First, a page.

Our next stop on the tour of the world currencies is Hong Kong, where their dollar came out on top last time around. A loss of 0.284 was experienced by the British pound last week, which left us on 12.658 at the week’s end. So far we have two losses out of two – was this going to make it three out of three?
Perhaps predictably now, we saw our first loss of the week by the time the markets closed on Monday evening. By that stage the British pound had dropped to claim a lower exchange rate of 12.531. Would this set a similar pattern to the one we had already seen elsewhere? This was certainly starting to feel quite familiar, but we may just be proved wrong as yet.
Tuesday saw things perk up a little, with the Hong Kong dollar proving to be the weaker of the two and settling on 12.661 against the British pound by the close of the day. The pound asserted its authority again the following day, as we managed to make a stand on 12.739. But we know now that the second half of the week was proving to be a troublesome one for the pound, and despite those increases we couldn’t automatically expect a good result for the remaining two days.
And indeed that was the case. On Thursday the pound dropped back to 12.568 – quite a significant drop of 0.171 in just a single day. But there was worse to come as the pound fell further to 12.375 to close out the week. That meant we had made another loss here in Hong Kong – a loss totalling 0.283 all in all. Here’s hoping we could improve on that in the very near future.
So on to New Zealand now, where the previous week had seen a fall to 2.3001 after losing out on six and a half cents. Given the results we had seen elsewhere, could we reasonably hope for anything better here? It didn’t seem like it initially, but let’s see what actually happened.
And indeed Monday set us off to a bad start with a small decrease to 2.2975. Small it may have been, but it was enough to make us wonder whether there were more drops on the way.
And indeed there were, as Tuesday set us up with a bigger drop to 2.2641. Even though we managed to up things marginally to 2.2646 the following day, it wasn’t enough to make us feel positive about where the rest of the week might lead us.
And evidently we were right not to feel too enthusiastic as it was clear the New Zealand dollar had more in store for the beleaguered pound. By the time Thursday was over and done with, the pound was standing on a mere 2.2391 New Zealand dollars. What could possibly happen on the one remaining day of the week?
There was another drop in store as things turned out, although it was a much smaller one. At the close of play on Friday the British pound was claiming just 2.2271 New Zealand dollars. That meant we had lost an overwhelming 0.0730 cents in a single week. So we had actually lost more than we had the week before. Where would these huge drops end?
Finally – and with four losses under our belt so far – we move on to Australia. It seemed too much to hope for that we could make an increase here; it was more a question of how much we would lose, not whether or not we would lose.
Five and a half cents were lost the week before, leaving us on a starting point of 1.8809 this time. But by the close of Monday’s trading that had already diminished to 1.8770. Another drop was in store on Tuesday, as we finished up on 1.8704 at the end of the day. This was clearly not a good week for the pound.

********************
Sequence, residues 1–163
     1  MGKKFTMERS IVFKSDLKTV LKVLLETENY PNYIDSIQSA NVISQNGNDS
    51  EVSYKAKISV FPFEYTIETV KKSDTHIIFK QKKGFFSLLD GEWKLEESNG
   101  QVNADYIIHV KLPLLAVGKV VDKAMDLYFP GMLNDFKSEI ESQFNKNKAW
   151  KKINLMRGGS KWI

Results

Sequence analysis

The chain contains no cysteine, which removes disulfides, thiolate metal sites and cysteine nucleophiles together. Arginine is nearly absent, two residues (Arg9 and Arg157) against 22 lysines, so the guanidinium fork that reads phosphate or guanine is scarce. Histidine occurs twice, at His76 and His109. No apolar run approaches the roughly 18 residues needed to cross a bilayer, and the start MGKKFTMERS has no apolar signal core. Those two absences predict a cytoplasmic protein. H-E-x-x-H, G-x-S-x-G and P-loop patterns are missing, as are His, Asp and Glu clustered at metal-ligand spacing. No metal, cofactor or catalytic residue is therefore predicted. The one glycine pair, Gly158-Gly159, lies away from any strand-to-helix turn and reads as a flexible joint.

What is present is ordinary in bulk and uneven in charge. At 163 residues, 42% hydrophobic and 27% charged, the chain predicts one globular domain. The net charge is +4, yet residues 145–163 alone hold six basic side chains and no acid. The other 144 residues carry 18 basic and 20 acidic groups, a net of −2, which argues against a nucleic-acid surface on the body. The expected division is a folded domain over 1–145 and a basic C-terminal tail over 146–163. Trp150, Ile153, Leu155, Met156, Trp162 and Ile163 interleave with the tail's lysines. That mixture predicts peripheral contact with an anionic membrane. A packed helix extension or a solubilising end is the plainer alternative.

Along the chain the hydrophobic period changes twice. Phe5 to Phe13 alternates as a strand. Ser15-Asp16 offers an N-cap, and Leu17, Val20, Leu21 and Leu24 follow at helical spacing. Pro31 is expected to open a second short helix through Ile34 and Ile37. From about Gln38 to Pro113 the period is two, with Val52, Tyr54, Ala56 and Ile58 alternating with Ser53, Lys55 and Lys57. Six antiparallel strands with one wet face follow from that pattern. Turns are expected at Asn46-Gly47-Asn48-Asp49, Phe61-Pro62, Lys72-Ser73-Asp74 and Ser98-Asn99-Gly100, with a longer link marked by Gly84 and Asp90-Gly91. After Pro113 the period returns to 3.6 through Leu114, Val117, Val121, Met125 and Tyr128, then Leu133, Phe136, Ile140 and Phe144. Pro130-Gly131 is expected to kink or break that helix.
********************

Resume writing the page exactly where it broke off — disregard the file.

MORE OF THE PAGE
What did the midweek point have in store though? This seemed to be the point at which the pound would fight back if it could, and indeed this was the case this time. It didn’t quite make 1.88 territory but it did claim an exchange rate of 1.8796 by the close of play.
Unfortunately it lost it the very next day, as the rate dipped right back to 1.8536. This was going to be a washout week, this much was clear – the only question now was by how much. The final exchange rate turned out to be 1.8451, which meant we had lost a total of just over three and a half cents this time.
A bad week for the pound – but at least exporters will be hoping for better results from these exchange rates.
The US dollar was seen to dip down against the Australian dollar last week. But even though it had a bad midweek struggle with the currency this time around, it managed to do better overall.
Last time it finished the week on 1.1515, but this week it had improved by Friday night to 1.1555.
The Euro definitely came out on top of these two last week; even though the Canadian dollar claimed 0.6337 on Monday night, it had dropped to 0.6236 by the time the weekend arrived.
Switzerland didn’t join the woes of Canada’s currency though. It managed to improve on the 0.6586 exchange rate of Monday night and go up to 0.6614 on Friday.
Finding articles about specific currencies on some of the world’s best websites can make fascinating reading. That is what you will get from this article on the Bloomberg website. This piece – gives you the lowdown on the Japanese yen, and more specifically what the finance minister in that country thinks of it.
So here we are at the end of another report – and it has to be said it is a rather worrying one. Will we end up with an even lower pound next week, or will it finally start to turn itself around? We’ll find out very soon – and we’ll see you then.